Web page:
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Efficacy of initial combination antiretroviral therapy for HIV-1: a meta-analysis

Efficacy of initial combination antiretroviral therapy for HIV-1: a meta-analysis

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Efficacy of initial combination antiretroviral therapy for HIV-1: a meta-analysis

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  1. Efficacy of initial combination antiretroviral therapy for HIV-1:a meta-analysis Frederick J. Lee1, Janaki Amin2, Andrew Carr1 Centre for Applied Medical Research, St Vincent’s Hospital 1 Kirby Institute, University of New South Wales 2 Sydney, Australia 7th IAS Conference on HIV Pathogenesis, Treatment & Infection July 2013, Kuala Lumpur, Malaysia

  2. Background Overview • Initial antiretroviral therapy (ART) • ‘backbone’ (2 NRTIs) + third drug (NNRTI / rPI / INSTI) • DHHS guidelines: when to start • mostly driven by CD4 count / clinical stage • HIV viral load not a criterion since 2007 • DHHS guidelines: what to start • ‘Preferred’ &‘Alternative’ regimens • current ‘Preferred’ regimens: • TDF-FTC/3TC + EFV / rDRV / rAZV / RAL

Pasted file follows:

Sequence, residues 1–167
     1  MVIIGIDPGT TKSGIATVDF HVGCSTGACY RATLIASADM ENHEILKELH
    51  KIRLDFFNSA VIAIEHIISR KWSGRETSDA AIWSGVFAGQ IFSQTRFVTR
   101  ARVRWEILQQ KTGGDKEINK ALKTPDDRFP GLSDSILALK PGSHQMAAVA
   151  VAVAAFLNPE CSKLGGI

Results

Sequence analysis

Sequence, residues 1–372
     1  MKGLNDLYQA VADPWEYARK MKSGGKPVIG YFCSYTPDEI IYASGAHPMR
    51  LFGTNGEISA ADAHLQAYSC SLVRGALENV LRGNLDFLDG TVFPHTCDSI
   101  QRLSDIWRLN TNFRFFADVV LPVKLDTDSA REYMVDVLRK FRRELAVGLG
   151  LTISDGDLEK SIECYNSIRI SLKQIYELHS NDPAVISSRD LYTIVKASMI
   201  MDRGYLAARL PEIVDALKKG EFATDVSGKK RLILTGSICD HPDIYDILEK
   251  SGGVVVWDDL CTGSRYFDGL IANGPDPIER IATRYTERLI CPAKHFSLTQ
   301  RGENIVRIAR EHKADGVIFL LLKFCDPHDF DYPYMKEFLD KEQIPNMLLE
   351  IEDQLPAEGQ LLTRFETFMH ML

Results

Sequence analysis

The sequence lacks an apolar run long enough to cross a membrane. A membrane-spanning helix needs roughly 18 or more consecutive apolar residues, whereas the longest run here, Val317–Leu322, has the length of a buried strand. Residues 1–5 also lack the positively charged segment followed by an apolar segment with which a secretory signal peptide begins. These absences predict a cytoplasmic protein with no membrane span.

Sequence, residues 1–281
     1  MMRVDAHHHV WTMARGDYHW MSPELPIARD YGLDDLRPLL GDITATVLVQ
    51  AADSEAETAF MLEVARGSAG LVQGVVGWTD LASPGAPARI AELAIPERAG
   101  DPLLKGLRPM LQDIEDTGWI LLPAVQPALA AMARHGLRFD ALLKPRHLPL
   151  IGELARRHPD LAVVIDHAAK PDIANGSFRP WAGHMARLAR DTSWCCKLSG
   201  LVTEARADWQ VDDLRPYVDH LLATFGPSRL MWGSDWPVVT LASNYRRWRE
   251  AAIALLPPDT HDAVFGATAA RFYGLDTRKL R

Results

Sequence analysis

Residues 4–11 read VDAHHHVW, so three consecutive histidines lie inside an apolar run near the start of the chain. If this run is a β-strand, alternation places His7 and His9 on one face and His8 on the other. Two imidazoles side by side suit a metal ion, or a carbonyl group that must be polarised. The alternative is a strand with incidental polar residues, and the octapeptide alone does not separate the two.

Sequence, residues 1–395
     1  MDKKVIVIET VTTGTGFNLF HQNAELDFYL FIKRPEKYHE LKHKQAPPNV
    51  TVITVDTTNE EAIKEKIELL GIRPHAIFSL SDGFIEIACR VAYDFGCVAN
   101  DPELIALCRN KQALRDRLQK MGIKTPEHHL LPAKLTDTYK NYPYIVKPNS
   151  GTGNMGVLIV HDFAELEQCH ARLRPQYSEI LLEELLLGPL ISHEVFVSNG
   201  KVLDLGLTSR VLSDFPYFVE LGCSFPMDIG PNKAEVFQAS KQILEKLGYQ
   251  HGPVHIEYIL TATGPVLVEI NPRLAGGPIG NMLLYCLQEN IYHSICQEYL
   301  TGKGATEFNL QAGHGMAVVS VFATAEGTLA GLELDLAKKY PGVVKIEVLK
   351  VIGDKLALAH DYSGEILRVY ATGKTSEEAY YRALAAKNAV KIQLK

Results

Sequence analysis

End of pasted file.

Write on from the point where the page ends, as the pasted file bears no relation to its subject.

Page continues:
3. Background Overview • Guidelines based on serial assessment of individual trials • Systematic review / meta-analysis • more patients / regimens, so more power to • evaluate subpopulations • identify predictors of ART success • Limitations of previous ART meta-analyses • only some regimens • short follow-up durations • more recent studies: • new drugs / studies • longer follow-up

  4. Objectives Primary and secondary • Primary = overall efficacy • determined by undetectable viral load • all studies over maximum follow-up period • Secondary • efficacy over time • 48, 96, & 144 weeks • efficacy by 2012 DHHS guidelines • ‘Preferred’ vs. ‘Alternative’ ART • efficacy by baseline viral load • ≥100,000 vs. <100,000 copies/mL • predictors of efficacy and of failure

  5. Methods Study selection • Inclusion criteria • treatment-naïve, HIV-1+ adults • prospective design • ≥48 weeks duration • intent-to-treat (ITT) efficacy analysis • Exclusion criteria • retrospective or cross-sectional design • combinations not recommended for toxicity/poor efficacy (e.g. monotherapy) • directly observed therapy

  6. Methods Data sources • Databases sourced (to Dec 31, 2012) • MEDLINE • clinical trial registries (Cochrane, NIH, ISRCT) • conference abstracts & presentations (CROI, IAS, ICAAC, Glasgow) • product labels & medical reviews (FDA, EMA) • study synopses from manufacturers • Manufacturers approached for missing data, kindly provided by: • BMS, Gilead, MSD, ViiV Healthcare

  7. Methods Data collection • Database construction • study characteristics • eligibility criteria • participant & disease characteristics • ART characteristics

  8. Methods Statistics • Descriptive • unit of analysis = treatment group • variables expressed as • percentage • mean, weighted for group size • Predictive • linear regression approach • multivariable • backwards, step-wise variable selection • Analyses performed using STATA (v.11) • parameters not displayed if not significant or not of particular interest